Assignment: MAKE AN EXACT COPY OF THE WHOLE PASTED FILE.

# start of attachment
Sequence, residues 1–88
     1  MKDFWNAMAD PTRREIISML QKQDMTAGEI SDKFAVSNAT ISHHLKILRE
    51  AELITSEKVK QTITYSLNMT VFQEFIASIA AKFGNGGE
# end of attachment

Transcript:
Sequence, residues 1–88
     1  MKDFWNAMAD PTRREIISML QKQDMTAGEI SDKFAVSNAT ISHHLKILRE
    51  AELITSEKVK QTITYSLNMT VFQEFIASIA AKFGNGGE